Books: And What Are You Reading?

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Renzatic

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While Terror Castle set the scene for the series, once the 'reveal' came, I never had any real interest in returning to the book. I may revisit it, because the side story of the Rolls Royce is very entertaining, and I liked Worthington.

I remember how it ends, and yeah, it is a little disappointingly mundane. Though I have the lens of nostalgia working in my favor here. I was maybe 9 or 10 when I first read it, maybe the first mystery book I had actually read up to that point, and it left me with a lasting impression. It was so eerie. So spooky. I didn't know what would happen next, and I loved it. Even with full knowledge of the rather flat ending waiting for me, it's fun reading through it again just for the memories.

However, in the Stuttering Parrot, the actual crafting of the mystery, the sequence of the discovery - and working out of - clues, and dawning comprehension, are all very well done; it is clever - and intellectually satisfying, in a way that some of the more mundane mysteries are not.

It's now queued up next on my list.
 

Scepticalscribe

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I remember how it ends, and yeah, it is a little disappointingly mundane. Though I have the lens of nostalgia working in my favor here. I was maybe 9 or 10 when I first read it, maybe the first mystery book I had actually read up to that point, and it left me with a lasting impression. It was so eerie. So spooky. I didn't know what would happen next, and I loved it. Even with full knowledge of the rather flat ending waiting for me, it's fun reading through it again just for the memories.



It's now queued up next on my list.

Even at ten-eleven, which is when I came across those books, I loved the Stuttering Parrot; it was satisfying.

As mentioned earlier, my other favourites at the time were The Fiery Eye, and - the final book written by the original author, which was also a clever, well crafted, mystery detective story - The Talking Skull.

For a modern YA world, which is also eerie, well crafted, very good character development, wonderful world building, great storytelling, and spooky atmospherics, (and a terrific - strong and cranky - female character as one of the three original protagonists), I recommend that you take a look at Jonathan Stroud's Lockwood series. They are excellent.
 
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Scepticalscribe

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At the risk of repeating myself, Cod (by Kuransky) was exceedingly good, excellent, in fact. Strongly recommended.

Loved Paper - which was excellent (lots of fascinating stuff in the earlier chapters, and synthesising of stuff, sources ideas and information - a terrific read).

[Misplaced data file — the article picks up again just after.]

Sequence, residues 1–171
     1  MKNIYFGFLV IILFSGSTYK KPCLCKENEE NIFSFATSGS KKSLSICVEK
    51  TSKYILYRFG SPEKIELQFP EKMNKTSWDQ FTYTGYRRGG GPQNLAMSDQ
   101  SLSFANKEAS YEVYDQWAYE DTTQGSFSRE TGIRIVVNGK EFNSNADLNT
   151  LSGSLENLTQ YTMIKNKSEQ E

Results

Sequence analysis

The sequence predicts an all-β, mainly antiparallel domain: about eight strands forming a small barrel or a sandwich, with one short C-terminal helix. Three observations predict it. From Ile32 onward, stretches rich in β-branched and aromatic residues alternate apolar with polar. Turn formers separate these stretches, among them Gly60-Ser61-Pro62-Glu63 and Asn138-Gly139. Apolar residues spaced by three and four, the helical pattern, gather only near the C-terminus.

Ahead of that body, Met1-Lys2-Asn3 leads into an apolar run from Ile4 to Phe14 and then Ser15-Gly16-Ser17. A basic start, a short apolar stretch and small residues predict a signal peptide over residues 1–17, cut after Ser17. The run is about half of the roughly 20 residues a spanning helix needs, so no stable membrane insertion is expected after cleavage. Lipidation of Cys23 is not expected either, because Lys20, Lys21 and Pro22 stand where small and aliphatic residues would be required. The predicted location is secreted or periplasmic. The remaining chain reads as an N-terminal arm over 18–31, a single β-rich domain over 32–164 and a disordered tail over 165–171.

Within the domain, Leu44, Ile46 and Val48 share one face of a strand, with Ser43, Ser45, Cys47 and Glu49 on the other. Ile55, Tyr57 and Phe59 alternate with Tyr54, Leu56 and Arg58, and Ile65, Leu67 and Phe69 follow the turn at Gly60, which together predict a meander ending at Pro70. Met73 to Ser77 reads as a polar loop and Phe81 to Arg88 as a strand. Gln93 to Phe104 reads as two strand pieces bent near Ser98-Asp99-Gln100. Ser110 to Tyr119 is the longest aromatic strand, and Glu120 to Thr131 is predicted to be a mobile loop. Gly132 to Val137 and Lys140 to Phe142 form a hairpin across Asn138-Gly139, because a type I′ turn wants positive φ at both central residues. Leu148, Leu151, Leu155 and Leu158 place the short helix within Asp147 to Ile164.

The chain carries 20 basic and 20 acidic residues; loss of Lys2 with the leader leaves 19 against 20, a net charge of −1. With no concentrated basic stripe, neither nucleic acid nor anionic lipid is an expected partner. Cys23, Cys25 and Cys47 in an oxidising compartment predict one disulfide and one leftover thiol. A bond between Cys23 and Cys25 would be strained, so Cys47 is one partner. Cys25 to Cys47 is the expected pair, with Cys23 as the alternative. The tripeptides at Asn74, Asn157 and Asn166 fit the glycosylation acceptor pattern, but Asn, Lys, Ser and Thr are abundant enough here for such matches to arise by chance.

His book on the history of the Basques was also excellent.
 

lizkat

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His book on the history of the Basques was also excellent.

I'll have to check that one out. It's from Kurlansky's wayback far enough (1999 or so) that there seems not to be an ebook version, but it also appears to have recipes in it, so... I'll be prowling for a used one in good shape, probably!
 

yaxomoxay

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Currently (and slowly) re-reading Destined for War by Graham Allison, a most excellent work on US-China relations and what probably lies ahead. @Scepticalscribe you will find this one an exceptional work. I read it before Covid and the world's meltdown; current events just make it an even more necessary read.

Since you're all lefties here, here's the cover with Biden's endorsement of the book (honestly, it's far from being a partisan book)



heck, let's add the cover with Kissinger's endorsement:




An interesting conversation on the book, at Harvard, between Kissinger and Allison:

 

lizkat

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Currently (and slowly) re-reading Destined for War by Graham Allison, a most excellent work on US-China relations and what probably lies ahead. @Scepticalscribe you will find this one an exceptional work. I read it before Covid and the world's meltdown; current events just make it an even more necessary read.

Since you're all lefties here, here's the cover with Biden's endorsement of the book (honestly, it's far from being a partisan book)



heck, let's add the cover with Kissinger's endorsement:




An interesting conversation on the book, at Harvard, between Kissinger and Allison:


As a complement to Allison's book, I'd suggest Michael J. Green's book By More Than Providence: Grand Strategy and American Power in the Asia Pacific since 1783. Published early in 2017, it focuses on the development and history of US strategy in East Asia from the times of Jefferson through those of Kissinger.

cover art M.J.Green - By More Than Providence.jpg